Arcipelago di Bailique
Protect Arcipelago di Bailique
Current threat : Illegal logging
Protecting a forest from illegal logging is about ensuring a responsible timber market. Plus, it also safeguarding people who live in these territories, their values and their future.
At the estuary of the Amazon River, we find the Bailique Archipelago’s forest. It is threatened by illegal logging and fires set to “free” forest soils to devote to intensive crops and pasture. In this context, local communities have to monitor, protect, and sustainably extract Açai, in order to guard the land and protect the Amazon forest from conversion to farmland.
In the far north of Brazil, stands a remote archipelago formed right at the mouth of the Amazon River, where the Atlantic Ocean meets the Brazilian state of Amapà: we refer to the Bailique Archipelago. Made up of 8 islands, it is home to about 13,000 people, all of whom have always lived in harmony with the forest, the river environment, and surrounding habitat. Small-scale fishing, farming, harvesting, and sustainable management of the açaí palm are the main local sources of income. The equilibrium between these populations and the environment has been shaken by steady soil erosion and wildfires in the past few years. These drivers are ravaging the Amazon Rainforest to allow room for soybeans, intensive crops, and especially pasture land. In addition, climate crisis, rising water levels and increasingly frequent extreme events are worsening the problem. Our support for this area is explicit: we advocate for forest defenders and cooperate with indigenous people who value the forest. Plus, we safeguard forest produce, as the açaí Palm. It’s a native species to be preserved, conserved, protected, as it helps maintain biodiversity and provides employment. The forests where the Açaí palm grows are FSC® certified, a guarantee of quality, sustainability and compliance with the strictest standards that only forests earning this label can boast. For the indigenous peoples, the Açaí plant is more than a fruit; it is a metaphor for an impressive social, environmental, and economic mobilization of the Bailique Archipelago’s native communities. Considering the project we are carrying out with them, this fight is also shared by us.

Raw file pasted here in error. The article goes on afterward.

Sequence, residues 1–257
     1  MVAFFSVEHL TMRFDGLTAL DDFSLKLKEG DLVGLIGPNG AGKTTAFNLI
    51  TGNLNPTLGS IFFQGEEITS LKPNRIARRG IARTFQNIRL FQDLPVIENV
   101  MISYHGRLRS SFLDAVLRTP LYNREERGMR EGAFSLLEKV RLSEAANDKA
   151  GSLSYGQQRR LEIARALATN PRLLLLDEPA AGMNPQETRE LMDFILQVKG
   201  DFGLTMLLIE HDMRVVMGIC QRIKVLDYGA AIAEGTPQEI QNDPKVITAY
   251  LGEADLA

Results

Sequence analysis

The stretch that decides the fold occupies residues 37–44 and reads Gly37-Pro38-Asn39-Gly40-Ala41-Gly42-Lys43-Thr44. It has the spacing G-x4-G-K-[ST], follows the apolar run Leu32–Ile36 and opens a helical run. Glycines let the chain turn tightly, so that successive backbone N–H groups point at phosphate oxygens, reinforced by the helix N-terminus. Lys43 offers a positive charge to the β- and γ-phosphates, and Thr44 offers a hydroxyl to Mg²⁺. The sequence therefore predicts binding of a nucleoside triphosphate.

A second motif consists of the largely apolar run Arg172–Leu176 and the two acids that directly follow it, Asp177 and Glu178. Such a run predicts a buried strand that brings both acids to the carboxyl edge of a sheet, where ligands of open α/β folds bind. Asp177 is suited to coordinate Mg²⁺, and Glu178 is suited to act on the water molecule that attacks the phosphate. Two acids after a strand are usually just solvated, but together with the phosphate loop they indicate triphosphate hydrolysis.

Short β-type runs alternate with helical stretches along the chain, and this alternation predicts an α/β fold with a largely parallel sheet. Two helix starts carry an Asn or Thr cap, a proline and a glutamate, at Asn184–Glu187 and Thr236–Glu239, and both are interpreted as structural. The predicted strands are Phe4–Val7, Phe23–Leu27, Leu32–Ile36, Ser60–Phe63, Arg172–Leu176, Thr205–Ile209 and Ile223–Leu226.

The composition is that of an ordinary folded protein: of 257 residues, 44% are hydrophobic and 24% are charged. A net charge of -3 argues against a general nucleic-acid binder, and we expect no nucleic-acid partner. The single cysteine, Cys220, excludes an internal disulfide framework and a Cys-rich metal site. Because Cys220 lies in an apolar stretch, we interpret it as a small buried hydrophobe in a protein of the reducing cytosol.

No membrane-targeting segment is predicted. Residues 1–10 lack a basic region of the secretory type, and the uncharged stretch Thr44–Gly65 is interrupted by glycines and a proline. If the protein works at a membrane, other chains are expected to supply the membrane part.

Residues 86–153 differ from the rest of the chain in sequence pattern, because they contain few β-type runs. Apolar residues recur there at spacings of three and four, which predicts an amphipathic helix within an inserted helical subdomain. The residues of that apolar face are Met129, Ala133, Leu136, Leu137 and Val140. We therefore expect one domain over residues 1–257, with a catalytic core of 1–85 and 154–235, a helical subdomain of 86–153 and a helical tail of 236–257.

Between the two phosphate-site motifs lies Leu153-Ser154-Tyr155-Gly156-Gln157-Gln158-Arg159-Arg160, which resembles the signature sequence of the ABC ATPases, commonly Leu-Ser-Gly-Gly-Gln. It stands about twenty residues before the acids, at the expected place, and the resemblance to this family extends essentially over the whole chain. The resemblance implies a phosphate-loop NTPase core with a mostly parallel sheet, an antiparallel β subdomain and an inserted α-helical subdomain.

Partners who take care of the forest